With Song Dynasty architecture, classic grounds and a compelling story of triumph, betrayal and redemption of an ancient hero, the Temple and Tomb of Yue Fei is one of Hangzhou’s most interesting tourist attractions.
Yue Fei was the son of a poor farmer born in present day Henan in 1103. Yue Fei later became the leading general of the Song Dynasty (1127-1279) and distinguished himself in battle against China’s northern enemies on many occasions. He was responsible for almost defeating the Jurchen, a tribal group who had invaded northern China and established the Jin Dynasty (1115-1234).
Yue Fei’s success on the battlefield and his unwavering loyalty were to prove his downfall. A corrupt Chancellor Qin Hui advised the Song Emperor Gaozong to recall Yue Fei from the battlefield and make peace with the Jin. When Yue Fei returned, Qin Hui had him, his son and his subordinate Zhang Xian arrested under false charges.
After two months of torture at the hands of Qin Hui, Yue Fei still did not admit to false charges of treason. Fearing that he would soon have to release Yue Fei, Qin Hui followed a plan devised by his wife and had Yue Fei and his companions executed.
In 1163, 19 years after his death, the Emperor Gaozong exonerated General Yue Fei and had his body reburied in a tomb at what is now the Temple of Yue Fei. The actual temple buildings were not built until later in 1221. In 1513 iron statues of Qin Hui, his wife and two of his subordinates in kneeling position were made and placed facing Yue Fei’s tomb. The statues have been many times over the years with the most recent cast in 1979.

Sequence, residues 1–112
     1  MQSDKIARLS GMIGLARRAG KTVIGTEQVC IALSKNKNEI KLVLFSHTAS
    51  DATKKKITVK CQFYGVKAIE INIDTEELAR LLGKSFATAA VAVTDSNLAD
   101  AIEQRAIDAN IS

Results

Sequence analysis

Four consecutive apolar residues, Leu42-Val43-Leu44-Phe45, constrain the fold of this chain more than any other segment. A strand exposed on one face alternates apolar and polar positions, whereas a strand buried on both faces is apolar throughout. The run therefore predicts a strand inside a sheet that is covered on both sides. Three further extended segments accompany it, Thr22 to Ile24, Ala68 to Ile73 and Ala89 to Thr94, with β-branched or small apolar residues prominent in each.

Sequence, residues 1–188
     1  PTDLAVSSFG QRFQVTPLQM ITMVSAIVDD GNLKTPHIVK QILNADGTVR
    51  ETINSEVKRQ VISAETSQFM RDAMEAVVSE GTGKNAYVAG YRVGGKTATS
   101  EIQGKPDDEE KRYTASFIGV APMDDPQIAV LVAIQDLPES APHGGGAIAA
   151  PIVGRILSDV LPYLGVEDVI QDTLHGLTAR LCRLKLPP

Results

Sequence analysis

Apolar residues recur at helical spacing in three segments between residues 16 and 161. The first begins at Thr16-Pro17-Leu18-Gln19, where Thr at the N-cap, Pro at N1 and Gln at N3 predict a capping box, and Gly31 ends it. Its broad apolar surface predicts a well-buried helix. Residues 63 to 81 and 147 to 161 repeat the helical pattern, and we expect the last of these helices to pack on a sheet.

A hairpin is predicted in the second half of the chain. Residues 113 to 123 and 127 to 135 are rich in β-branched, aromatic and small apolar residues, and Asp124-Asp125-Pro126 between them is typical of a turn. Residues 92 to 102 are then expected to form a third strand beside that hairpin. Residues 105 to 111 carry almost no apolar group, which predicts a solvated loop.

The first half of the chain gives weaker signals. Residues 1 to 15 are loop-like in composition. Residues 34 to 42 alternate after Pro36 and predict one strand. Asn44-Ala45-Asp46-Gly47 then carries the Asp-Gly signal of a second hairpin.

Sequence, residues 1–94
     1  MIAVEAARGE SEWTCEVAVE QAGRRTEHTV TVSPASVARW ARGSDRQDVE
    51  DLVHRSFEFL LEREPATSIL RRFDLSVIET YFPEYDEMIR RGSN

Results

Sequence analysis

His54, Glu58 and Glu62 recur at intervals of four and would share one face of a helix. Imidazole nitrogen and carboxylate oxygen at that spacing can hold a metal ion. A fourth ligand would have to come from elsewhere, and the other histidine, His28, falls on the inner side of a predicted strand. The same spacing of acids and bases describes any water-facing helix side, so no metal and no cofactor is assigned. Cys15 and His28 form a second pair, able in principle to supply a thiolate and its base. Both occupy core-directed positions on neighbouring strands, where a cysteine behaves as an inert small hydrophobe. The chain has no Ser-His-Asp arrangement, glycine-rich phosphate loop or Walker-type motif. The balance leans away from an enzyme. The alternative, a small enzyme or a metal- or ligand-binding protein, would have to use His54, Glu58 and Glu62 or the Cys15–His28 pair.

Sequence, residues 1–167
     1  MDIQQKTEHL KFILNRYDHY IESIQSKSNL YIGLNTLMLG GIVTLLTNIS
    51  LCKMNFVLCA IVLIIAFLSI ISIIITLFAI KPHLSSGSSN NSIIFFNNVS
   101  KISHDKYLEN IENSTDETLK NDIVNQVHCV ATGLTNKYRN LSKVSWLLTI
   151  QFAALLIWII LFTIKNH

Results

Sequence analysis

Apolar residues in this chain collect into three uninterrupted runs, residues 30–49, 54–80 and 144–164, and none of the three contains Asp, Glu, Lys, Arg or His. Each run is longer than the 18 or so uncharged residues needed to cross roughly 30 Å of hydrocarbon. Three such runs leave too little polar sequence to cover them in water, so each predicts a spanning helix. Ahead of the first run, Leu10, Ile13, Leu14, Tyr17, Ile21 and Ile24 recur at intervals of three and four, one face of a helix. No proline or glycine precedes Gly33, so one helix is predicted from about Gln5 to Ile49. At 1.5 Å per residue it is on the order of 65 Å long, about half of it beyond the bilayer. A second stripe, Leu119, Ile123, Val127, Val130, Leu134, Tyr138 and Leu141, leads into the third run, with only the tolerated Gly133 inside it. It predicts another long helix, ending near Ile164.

Since then the statues of the four traitors to China have endured centuries of being cursed, spat on and even urinated on. In the photos below the fence is to protect the statues from overly enthusiastic patriots and the sign above the statues in Chinese is asking people to be civilised and to not spit on the statues.
Yue Fei is now a national hero, a symbol of virtue and a model of loyalty in Chinese culture.
The actual temple itself has three parts, the main temple building to the east, the hallway and Yue Fei’s Tomb to the west and the Qi Zhong Temple are to the north west.
The main temple is used to worship Yue Fei and contains a seated statue of Yue Fei with sword in hand ready to defend his country. The eastern wing of the temple is dedicated to Yue Fei’s subordinate Zhang Xian and the western wing is dedicated to his other subordinate Niu Gao.
The temple entrance has an attractive courtyard facing the main temple and with an exit on the west leading to the hallway/corridor to Yue Fei’s tomb.
The tomb itself has a small open courtyard with the two mounds of Yue Fei’s tomb to the left and the four statues of the traitors facing the tomb.
North of the tomb is the Qi Zhong Temple and several charming ponds full of gold fish and at least one nasty looking turtle.
The temple is on the north side of West Lake and at the end of the Su Causeway so very easy to walk or bike to. You can also catch the number K7, 27 and 81 public buses and the number Y1, Y2 and Y3 tourist buses.
Tickets and Opening Times
Tickets are 25rmb each and the temple is open from 7:30am to 5:30pm.